GAVIN GIFFORD GALLERY
This gallery was named after one of the first members of the TAHS (Te Awamutu Historical Society) – Mr. Gavin Gifford. He gifted not only his collection to the new Museum, but also the use of his rooms as the first Museum space. The date, 6th February 1935, making the Te Awamutu Historical Society the first to create a Museum in the Waikato. From those humble beginnings, the Museum has transformed over the decades to what we have today. This gallery pays homage to the legacy gifted by Gavin Gifford.
The Gavin Gifford Gallery is a long-term gallery used for all types of displays, internally and externally developed and touring exhibitions.
He Marangai ki te Whenua
An exhibition by Karangawai Marsh of abstract kōwhaiwhai aho paintings informed by Māori language that reflects a concept describing language immersion and the intimate relationships shared between mātua (parent) and tama riki (children).
Karangawai Marsh is a senior tutor of Te Toioho ki Āpiti (Māori Visual Arts), Te Kunenga ki Pūrehuroa, Massey University, a Māori language tutor and well known artist. Founder of Toi Inc and kaiwhakahaere of RaRau Mai (Māori language, whānau arts initiative), Tuku te Toi (annual marae arts project) as well as Ora te Toi (annual art exhibition project).
For the past 20 years, Karangawai has been an active member of Te Ataarangi and 3rd generation kaiak of the Te Ataarangi method. She holds a Masters of Te Toioho ki Āpiti (Māori Visual Arts) and is currently preparing her confirmation report for PhD with Toi Inc being the research focus. The proposed exhibition will be the first of four exhibition supporting Karangawai’s PhD research.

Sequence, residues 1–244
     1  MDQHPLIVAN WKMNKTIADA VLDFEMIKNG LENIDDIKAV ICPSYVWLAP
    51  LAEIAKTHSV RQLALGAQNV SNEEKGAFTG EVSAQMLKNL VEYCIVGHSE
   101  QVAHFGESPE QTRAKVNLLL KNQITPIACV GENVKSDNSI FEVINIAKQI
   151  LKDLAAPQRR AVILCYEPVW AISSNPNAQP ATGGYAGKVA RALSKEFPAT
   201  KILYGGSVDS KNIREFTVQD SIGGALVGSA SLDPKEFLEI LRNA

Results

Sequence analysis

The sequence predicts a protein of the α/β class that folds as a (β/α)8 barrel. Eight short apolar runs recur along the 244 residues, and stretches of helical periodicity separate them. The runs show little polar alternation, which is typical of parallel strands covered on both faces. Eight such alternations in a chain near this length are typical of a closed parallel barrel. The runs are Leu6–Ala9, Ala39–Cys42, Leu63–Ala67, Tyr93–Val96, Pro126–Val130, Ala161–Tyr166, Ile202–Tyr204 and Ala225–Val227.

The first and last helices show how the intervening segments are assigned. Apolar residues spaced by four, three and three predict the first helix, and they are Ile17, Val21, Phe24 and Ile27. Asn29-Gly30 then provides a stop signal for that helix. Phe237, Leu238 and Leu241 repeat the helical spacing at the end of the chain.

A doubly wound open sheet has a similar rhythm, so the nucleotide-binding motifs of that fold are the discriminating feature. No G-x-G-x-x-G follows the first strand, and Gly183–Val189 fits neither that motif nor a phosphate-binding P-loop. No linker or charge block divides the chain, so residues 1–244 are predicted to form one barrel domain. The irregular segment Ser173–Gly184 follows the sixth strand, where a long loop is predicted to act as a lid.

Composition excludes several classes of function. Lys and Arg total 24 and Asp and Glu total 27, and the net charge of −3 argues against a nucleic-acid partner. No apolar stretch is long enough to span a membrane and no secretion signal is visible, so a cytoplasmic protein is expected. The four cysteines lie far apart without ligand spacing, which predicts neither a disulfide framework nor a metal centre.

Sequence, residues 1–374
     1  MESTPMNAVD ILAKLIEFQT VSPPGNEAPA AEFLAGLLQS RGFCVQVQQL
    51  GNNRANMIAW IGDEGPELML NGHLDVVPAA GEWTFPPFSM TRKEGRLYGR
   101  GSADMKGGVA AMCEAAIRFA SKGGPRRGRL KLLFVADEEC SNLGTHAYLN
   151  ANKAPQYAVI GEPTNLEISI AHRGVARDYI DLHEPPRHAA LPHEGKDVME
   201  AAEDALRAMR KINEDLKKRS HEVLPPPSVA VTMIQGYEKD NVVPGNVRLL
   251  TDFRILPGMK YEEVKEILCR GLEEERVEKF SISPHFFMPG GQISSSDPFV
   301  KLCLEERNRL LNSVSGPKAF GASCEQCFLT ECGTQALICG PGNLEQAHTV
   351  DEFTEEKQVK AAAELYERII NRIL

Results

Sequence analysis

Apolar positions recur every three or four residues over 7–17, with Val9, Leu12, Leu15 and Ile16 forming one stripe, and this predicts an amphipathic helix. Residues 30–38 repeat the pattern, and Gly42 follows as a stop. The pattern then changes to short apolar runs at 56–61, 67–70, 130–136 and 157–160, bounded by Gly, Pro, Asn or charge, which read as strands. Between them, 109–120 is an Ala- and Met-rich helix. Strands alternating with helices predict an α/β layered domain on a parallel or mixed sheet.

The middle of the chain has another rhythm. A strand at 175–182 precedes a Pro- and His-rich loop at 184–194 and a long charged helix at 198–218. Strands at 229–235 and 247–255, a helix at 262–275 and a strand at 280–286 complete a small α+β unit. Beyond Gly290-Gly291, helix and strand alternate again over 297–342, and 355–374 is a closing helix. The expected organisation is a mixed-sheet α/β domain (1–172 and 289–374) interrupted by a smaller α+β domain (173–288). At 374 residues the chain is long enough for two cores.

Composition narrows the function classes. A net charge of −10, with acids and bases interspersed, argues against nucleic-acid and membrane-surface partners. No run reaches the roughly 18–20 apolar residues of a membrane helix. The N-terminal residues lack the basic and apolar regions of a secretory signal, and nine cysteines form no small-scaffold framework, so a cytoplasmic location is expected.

“Kotahi kapua i te rangi, he marangai ki te whenua – One cloud from the heavens brings rain to the lands”
This is a whakataukī employed by Te Ataarangi describing and motivating their efforts as a community-based Māori language revitalisation initiative. Although the arduous efforts over the past 40 years have been carried out by a small few (kotahi kapua) the efforts have been beneficial to the survival of the language (he marangai ki te whenua). ‘He marangai ki te whenua’ will be the first of a series of four exhibitions over a four-year period committed to promoting language use and the inter-generational transmission of te reo Māori through art. All four exhibitions will be informed by art activities delivered by RaRau Mai, a community focused, Māori immersion arts initiative delivered in Palmerston North and Te Awamutu, online for whānau within the Rangitāne ki Manawatū and Ngāti Raukawa ki te tonga region.
Karangawai has created a series of abstract kōwhaiwhai aho paintings informed by Māori language kōwhaiwhai tutorials create for RaRau Mai. The paintings will demonstrate systems of symmetry and asymmetry through aho descending from the paintings to the gallery floor. The medium and process will reflect toutou tahi, a concept describing language immersion and the intimate relationships shared between mātua and tamariki, kaumātua and mokopuna.
The colours employed will commemorate and celebrate the efforts of Te Artaarangi and as a leading example of language revitalisation initiatives. The labels and descriptions will be written in te reo Māori in the attempt to normalise te reo Māori in a predominantly non-Māori domain.
He Marangai ki te Whenua opens 10th December 2021 and runs til 20th March 2022!